The Chairman Has No Driver!

House Transportation and Infrastructure Committee Chairman Bill Shuster plans to take a spin in futuristic vehicle.

Rep. Bill Shuster, R-Pa.
National Journal
Fawn Johnson
Add to Briefcase
Fawn Johnson
Sept. 2, 2013, 8:12 a.m.

Wed­nes­day could be a very in­ter­est­ing day for House Trans­port­a­tion and In­fra­struc­ture Com­mit­tee Chair­man Bill Shuster, R-Pa. He is tak­ing a 30-mile ride in a car that drives it­self. The route from sub­urb­an Cran­berry, Pa., to Pitt­s­burgh In­ter­na­tion­al Air­port in­cludes mul­tiple in­ter­sec­tions, low-speed single-lane roads, and high-speed high­way traffic with com­plex traffic lights.

How is this pos­sible? Through a driver­less car be­ing de­veloped at Carne­gie Mel­lon Uni­versity. Shuster prob­ably wants one, con­sid­er­ing that he has to make the drive from Wash­ing­ton to his ho­met­own of Hol­l­i­days­burg, Pa., at least once a week. (He says it’s two hours and 40 minutes with no traffic.)

But, of course, Shuster may re­think the whole driver­less concept when he sees the gi­ant “Emer­gency Stop” red but­ton where the car ra­dio should be. He shouldn’t worry, though. A “dul­cet fe­male voice” will tell him ex­actly what is go­ing on, ac­cord­ing to a de­scrip­tion of the car from the Pitt­s­burgh Post-Gaz­ette.

Shuster will be rid­ing with Barry Schoch, Pennsylvania’s trans­port­a­tion sec­ret­ary, to high­light the need to main­tain in­nov­a­tion in trans­port­a­tion in the United States. That’s a noble goal for the trans­port­a­tion guru of Con­gress to ex­press. But at the press con­fer­ence af­ter­ward, ex­pect most of the ques­tions to go to the en­gin­eers who de­signed the car at the CMU-Gen­er­al Mo­tors Autonom­ous Driv­ing Col­lab­or­at­ive Re­search Lab. Does it honk in traffic? Can it par­al­lel park? When can I get one?

The cur­rent ver­sion is a 2011 Ca­dillac SRX equipped with four com­puters, mul­tiple sensors, radars, lasers, and of course GPS. The en­gin­eers say 90 per­cent of all car ac­ci­dents are caused by hu­man er­ror, such as dis­trac­ted driv­ing, sleep­i­ness, or drunk­en­ness. Don’t for­get just plain stu­pid­ity. A car that drives it­self, pre­sum­ably, has noth­ing bet­ter to do than get you to your des­tin­a­tion while you text your sweetie or put on your makeup.

Of course, it’s prob­ably go­ing to be 10 years or more be­fore such vehicles are avail­able com­mer­cially. But we can only dream.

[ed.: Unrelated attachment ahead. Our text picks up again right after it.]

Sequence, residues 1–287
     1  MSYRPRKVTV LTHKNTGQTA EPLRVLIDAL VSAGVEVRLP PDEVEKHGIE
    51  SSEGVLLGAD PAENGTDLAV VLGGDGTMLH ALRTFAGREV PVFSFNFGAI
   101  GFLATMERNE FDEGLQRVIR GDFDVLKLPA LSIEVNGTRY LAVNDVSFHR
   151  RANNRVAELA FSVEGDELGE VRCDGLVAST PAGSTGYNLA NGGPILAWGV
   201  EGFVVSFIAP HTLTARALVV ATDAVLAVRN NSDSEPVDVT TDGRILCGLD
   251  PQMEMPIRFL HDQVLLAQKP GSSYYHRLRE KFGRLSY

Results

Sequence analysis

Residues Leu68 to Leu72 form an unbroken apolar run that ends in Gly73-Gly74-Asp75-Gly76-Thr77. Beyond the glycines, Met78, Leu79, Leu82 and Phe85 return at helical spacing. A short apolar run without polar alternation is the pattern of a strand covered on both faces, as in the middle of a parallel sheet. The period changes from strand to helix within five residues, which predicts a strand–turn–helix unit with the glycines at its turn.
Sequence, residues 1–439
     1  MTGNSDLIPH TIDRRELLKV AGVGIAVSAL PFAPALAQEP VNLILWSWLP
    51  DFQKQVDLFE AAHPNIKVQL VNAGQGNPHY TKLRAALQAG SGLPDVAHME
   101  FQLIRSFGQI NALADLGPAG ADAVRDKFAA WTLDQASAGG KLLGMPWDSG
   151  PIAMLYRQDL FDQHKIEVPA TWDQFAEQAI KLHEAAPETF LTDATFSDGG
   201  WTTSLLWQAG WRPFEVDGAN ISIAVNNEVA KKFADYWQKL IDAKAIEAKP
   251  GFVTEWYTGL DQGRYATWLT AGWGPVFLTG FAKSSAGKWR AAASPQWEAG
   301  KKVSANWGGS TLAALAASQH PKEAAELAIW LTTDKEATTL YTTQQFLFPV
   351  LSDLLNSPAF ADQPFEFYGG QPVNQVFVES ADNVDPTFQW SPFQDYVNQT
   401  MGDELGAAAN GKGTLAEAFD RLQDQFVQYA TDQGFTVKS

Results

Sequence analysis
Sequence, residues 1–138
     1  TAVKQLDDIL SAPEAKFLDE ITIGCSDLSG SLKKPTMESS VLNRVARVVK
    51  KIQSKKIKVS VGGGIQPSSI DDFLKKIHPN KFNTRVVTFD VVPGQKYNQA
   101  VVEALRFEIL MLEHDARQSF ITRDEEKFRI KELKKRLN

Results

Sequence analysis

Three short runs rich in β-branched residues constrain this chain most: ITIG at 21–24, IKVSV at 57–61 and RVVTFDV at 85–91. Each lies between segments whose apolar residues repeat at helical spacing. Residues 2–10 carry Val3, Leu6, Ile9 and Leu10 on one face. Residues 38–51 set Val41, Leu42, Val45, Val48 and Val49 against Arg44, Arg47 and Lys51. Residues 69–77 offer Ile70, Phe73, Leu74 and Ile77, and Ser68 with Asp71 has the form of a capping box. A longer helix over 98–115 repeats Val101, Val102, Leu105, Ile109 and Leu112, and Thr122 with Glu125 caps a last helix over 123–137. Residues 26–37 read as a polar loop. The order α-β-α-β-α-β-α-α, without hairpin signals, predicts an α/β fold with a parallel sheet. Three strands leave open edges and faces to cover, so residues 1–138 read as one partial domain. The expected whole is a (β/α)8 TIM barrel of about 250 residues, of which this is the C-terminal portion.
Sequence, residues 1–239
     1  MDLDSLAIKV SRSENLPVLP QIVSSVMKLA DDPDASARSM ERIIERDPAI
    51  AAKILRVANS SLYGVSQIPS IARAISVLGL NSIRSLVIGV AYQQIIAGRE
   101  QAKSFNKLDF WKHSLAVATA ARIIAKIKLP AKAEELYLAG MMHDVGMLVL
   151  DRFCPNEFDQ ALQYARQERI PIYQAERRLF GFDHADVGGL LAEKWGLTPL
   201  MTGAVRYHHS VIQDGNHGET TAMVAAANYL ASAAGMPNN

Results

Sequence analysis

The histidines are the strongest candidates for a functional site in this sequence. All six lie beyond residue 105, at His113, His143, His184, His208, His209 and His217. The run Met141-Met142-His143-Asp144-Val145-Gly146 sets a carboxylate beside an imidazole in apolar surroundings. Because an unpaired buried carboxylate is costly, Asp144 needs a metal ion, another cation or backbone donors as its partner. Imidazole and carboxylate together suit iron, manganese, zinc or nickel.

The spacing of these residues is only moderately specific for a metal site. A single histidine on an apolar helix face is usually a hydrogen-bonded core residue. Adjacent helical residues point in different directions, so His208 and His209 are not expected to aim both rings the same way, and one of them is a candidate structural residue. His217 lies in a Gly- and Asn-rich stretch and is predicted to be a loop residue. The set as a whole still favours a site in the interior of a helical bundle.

There’s no word yet on wheth­er Shuster will be in the driver’s seat or rid­ing shot­gun.

What We're Following See More »
TRUMP’S ATTORNEY WAS SET TO TESTIFY ON WEDNESDAY
Senate Intel Postpones Testimony by Cohen
2 days ago
THE LATEST
AMENDMENT WOULD HAVE PREVENTED CONSIDERATION
Senate Rejects Effort to Nix SALT Tax Changes
3 days ago
THE LATEST

"Senate Democrats on Thursday failed in their first attempt to save the state and local tax deduction, which helps many residents of California and other high-cost states reduce their federal income tax bills. The Republican-controlled Senate voted 52-47 to reject an amendment that would have prevented the Senate from considering any bill that repeals or limits the deduction as part of a planned tax overhaul."

Source:
INTERVIEWED BY COMMITTEE STAFF
Lewandowski Meets with Senate Intelligence Committee
3 days ago
THE LATEST

"President Donald Trump's former campaign manager Corey Lewandowski appeared on Capitol Hill for a closed-door interview with the Senate intelligence committee Wednesday, according to a source familiar with the matter. Lewandowski is the latest senior official in Trump's orbit who has met with the committee as part of its investigation into Russian election meddling and possible collusion with the Trump campaign."

Source:
FISHING EXPEDITION
Some Members Seek to Wrap Up Russia Investigations by Year’s End
4 days ago
THE LATEST

"A growing number of key Republicans are sending this message to the leaders of the congressional committees investigating potential Trump campaign collusion with the Russians: Wrap it up soon. In the House and Senate, several Republicans who sit on key committees are starting to grumble that the investigations have spanned the better part of the past nine months, contending that the Democratic push to extend the investigation well into next year could amount to a fishing expedition."

Source:
WROTE LAW THAT WEAKENED OPIOID OVERSIGHT
Trump: Marino Withdrawing Nomination for Drug Czar
5 days ago
THE LATEST
×
×

Welcome to National Journal!

You are currently accessing National Journal from IP access. Please login to access this feature. If you have any questions, please contact your Dedicated Advisor.

Login